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Fairbanks, AK | INDIE

Fairbanks, AK | INDIE
Band Hip Hop R&B


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"Starbuks makes amends:Fairbanks rapper Michael Cofey addresses his past on his latest album."

The Fairbanks rapper, known as Starbuks to his fans, has released his long-awaited third solo album, “Whiskey, Weed and Women,” and it’s a reflection of his past, including his mistakes, that helped shape him into the man he is today. Cofey is candid in talking about his youth — his arrest and jail time for selling drugs, his misadventures as a young man in Fairbanks — and how now, at 35, he’s learned from those mistakes. It’s all a cathartic release he put into the lyrics of the 17-track album, of which he is the lead writer on each song.

“This album is personal,” he said over a beer at Lavelle’s Taphouse in downtown Fairbanks. “Rap is competitive. Hip-hop is competitive. That’s why I waited so long to put out an album. The title is about the hangover after the lifestyle I was living.”

“Whiskey, Weed and Women” is broken into three parts — “Whiskey” being the party life Cofey was living, “Weed” reflecting on addictive behaviors, and “Women” taking on Cofey’s relationships with the women in his life. It’s the story of how his choices affected the people around him, namely his friends, family and children. The album is told from the point of view of Cofey talking to a therapist about his past.

“I knew I had to put the album out,” he said. “I had to be vulnerable.”

A Fairbanks influence

Cofey was born and raised in Fairbanks, a graduate of West Valley High School. He described himself as always pushing the envelope and going against the grain, not so much a fighter but fighting for what he thought was right.

Music was always a part of his life, from playing drums in band in high school to singing in the youth choir of his childhood church. His mom, Janice, was one of his biggest musical influences, he said, as she listened to all genres of music. “You’d come home and it would be Guns N’ Roses or Hall and Oates or rap music. She never put a barrier onto what I could listen to.”

That range of music laid the foundation for his outlook today and his desire to work with different genres and artists. That sound is reflected on the album in its guitar and drum tracks, something Cofey wanted to include.

As a university student in Oregon, where he was also playing college baseball, he recorded a few albums and started to receive attention for his raps. Also a father at the time, Cofey dropped out of college, to the dismay of his mom, to be a fulltime dad and pursue music. About 2006, he started pursuing music fulltime.

“First, I love it,” he said. “It allows me to express myself and talk about current events going on in our community, our nation and our world. It’s talking about life experiences. It’s chasing the dream for the love. Growing up here, we didn’t have much of a trail for music.”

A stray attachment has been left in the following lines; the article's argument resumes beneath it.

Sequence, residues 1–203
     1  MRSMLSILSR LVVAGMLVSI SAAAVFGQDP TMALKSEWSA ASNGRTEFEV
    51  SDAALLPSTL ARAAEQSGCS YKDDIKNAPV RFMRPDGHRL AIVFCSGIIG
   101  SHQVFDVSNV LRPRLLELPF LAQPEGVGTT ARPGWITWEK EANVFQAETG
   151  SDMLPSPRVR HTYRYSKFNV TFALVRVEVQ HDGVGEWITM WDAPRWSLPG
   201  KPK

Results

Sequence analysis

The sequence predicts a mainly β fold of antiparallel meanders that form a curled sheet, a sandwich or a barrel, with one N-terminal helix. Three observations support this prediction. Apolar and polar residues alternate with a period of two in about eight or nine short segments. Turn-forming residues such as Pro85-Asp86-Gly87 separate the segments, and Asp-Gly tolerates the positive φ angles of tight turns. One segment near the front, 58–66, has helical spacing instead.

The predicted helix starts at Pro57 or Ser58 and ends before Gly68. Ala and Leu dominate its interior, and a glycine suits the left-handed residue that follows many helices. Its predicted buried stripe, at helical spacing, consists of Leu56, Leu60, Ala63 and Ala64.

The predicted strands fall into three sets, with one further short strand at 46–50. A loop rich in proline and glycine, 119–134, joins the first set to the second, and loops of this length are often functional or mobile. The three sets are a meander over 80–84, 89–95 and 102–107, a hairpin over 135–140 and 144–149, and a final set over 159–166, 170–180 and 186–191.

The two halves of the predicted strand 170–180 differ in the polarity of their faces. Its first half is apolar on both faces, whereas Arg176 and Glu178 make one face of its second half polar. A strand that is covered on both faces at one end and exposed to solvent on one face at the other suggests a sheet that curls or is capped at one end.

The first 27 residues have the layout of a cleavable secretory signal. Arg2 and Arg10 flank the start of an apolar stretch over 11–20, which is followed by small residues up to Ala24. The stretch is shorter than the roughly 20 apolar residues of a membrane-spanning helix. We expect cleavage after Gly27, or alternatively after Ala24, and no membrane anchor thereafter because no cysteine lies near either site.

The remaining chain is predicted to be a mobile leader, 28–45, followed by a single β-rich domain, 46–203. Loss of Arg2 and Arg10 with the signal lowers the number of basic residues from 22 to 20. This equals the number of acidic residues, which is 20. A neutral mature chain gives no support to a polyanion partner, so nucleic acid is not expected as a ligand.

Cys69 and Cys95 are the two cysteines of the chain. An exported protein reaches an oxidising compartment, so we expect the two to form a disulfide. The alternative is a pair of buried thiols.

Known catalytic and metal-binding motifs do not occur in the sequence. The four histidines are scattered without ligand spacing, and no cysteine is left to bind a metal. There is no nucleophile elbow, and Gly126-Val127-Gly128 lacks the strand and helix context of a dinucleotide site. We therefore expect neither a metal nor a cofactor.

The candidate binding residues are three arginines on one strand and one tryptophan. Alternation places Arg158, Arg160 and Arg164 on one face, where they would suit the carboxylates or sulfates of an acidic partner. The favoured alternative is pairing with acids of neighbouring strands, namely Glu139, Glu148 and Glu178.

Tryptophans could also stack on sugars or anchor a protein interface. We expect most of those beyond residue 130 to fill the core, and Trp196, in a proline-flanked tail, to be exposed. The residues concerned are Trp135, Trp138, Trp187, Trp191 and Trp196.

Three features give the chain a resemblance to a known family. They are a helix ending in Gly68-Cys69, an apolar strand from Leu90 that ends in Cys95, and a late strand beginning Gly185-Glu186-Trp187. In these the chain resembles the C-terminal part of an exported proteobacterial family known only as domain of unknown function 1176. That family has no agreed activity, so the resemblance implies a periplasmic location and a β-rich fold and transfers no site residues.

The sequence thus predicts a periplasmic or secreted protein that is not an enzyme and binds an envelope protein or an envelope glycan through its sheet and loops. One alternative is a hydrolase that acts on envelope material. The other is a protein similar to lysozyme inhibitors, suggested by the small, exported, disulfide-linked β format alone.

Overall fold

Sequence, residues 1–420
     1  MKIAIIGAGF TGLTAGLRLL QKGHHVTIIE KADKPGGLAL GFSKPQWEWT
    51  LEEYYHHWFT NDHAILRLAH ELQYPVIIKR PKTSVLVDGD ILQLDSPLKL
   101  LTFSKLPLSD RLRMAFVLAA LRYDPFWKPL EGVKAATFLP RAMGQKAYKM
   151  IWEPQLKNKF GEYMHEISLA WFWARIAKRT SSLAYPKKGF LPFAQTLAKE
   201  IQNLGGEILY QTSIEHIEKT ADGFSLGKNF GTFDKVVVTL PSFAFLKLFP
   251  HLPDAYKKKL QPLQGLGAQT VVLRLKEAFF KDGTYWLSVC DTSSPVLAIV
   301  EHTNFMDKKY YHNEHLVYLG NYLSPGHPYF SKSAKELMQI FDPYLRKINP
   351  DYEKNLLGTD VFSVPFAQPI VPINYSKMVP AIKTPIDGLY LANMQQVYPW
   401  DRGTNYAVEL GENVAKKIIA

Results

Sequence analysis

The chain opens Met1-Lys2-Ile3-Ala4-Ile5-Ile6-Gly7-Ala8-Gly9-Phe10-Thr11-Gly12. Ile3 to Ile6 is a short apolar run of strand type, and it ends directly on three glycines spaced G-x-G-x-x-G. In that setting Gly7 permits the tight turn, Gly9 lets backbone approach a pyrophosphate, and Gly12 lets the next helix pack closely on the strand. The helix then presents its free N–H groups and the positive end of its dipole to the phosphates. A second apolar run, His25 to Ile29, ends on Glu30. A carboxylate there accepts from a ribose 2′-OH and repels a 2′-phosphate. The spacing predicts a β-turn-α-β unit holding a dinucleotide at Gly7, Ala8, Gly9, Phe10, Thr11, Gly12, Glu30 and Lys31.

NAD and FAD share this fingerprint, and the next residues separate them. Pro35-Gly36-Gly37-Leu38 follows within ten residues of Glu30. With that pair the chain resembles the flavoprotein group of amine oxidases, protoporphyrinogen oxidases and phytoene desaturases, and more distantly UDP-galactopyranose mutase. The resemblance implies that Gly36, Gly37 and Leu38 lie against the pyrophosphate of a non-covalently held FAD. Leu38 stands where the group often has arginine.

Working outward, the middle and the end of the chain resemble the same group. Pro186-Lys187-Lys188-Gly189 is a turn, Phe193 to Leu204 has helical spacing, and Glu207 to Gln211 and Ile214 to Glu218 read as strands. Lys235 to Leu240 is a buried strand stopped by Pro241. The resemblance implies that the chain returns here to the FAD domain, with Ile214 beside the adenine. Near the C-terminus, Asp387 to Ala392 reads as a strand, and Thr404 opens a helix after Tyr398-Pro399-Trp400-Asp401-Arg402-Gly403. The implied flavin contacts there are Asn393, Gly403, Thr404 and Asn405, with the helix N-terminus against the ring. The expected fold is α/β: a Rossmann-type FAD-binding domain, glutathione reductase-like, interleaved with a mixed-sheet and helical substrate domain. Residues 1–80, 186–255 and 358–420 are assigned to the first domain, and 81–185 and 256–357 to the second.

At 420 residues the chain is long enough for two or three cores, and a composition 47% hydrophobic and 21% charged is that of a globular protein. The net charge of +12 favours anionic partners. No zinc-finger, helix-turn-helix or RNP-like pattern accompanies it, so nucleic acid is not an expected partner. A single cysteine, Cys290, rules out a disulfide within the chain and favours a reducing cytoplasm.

Cofey credits rapper Alaska Redd, a longtime Fairbanks musician and influencer in the scene, as opening the path to rap in Alaska. Under the guidance of Redd, Cofey said, a community started here.

“Our genre of music is knocking down barriers,” Cofey said. “There are still places today that will not allow hip-hop in their establishments.”

'That guy from the fair'

You can’t talk to Cofey without talking about the Tanana Valley State Fair. In August 2016, Cofey and fellow rapper Bishop Slice, né Julian Lillie, were ejected mid-performance by now-former fair manager Joyce Whitehorn for what she claimed were less than family-friendly lyrics. Both Cofey and Lillie maintain their lyrics were about seeking redemption for past behaviors rather than inciting violence, as fair officials claimed. Cofey broadcast the confrontation and ejection on Facebook, where the video went viral and garnered national media attention and criticism.

“It was unfortunate but fortunate for a number of different reasons,” Cofey said. “The reason it was unfortunate was because I’m from Alaska and from Fairbanks, but it showed the ugly side of what’s going on not only in our town but our country. The reason it’s fortunate is it showed the community rallying behind us.”

The fair ejection even made it onto the album in the song “Be,” with Cofey rapping, “Yes, I’m that guy from the fair but I’m not that guy from the fair.” The fair incident helped Cofey with a realization — that he does have a voice in the community. He’s putting it to use on “Whiskey, Weed and Women.”

“It’s not about how many people you have in your social network,” he said, “it’s who you have in your social network.”

The future

With the album available now digitally and physical copies releasing in three weeks, Cofey has his eyes set on the future. Music is his passion and dream, and he’s making it his business.

Cofey works at IBEW as an apprentice electrician (“I love it,” he said) but his mind is always on his music, both the creative side and the business side. He admires several in the business — “Tupac to this day is still relevant. Nas is relevant. Then there is Ice Cube and Ice-T.” — and he’s using rap megastars’ careers as models, citing Jay Z as someone who started in music but grew to run a business empire. That’s his end goal.

“You see people going from doing rap and having this stigma of young, black and angry, and then they transition into businessmen. My end goal is to have a major influence on hip-hop in Alaska and leave a message behind for my kids. I want to give other people an opportunity.”

That opportunity is growing. Cofey has toured the state and Lower 48 and delved into the business side, even creating his own label, Cofey Houze Entertainment, on which “Whiskey, Weed and Women” is recorded. It’s an outlet as well as a career that he wants to pursue, and he encouraged others to do so as well.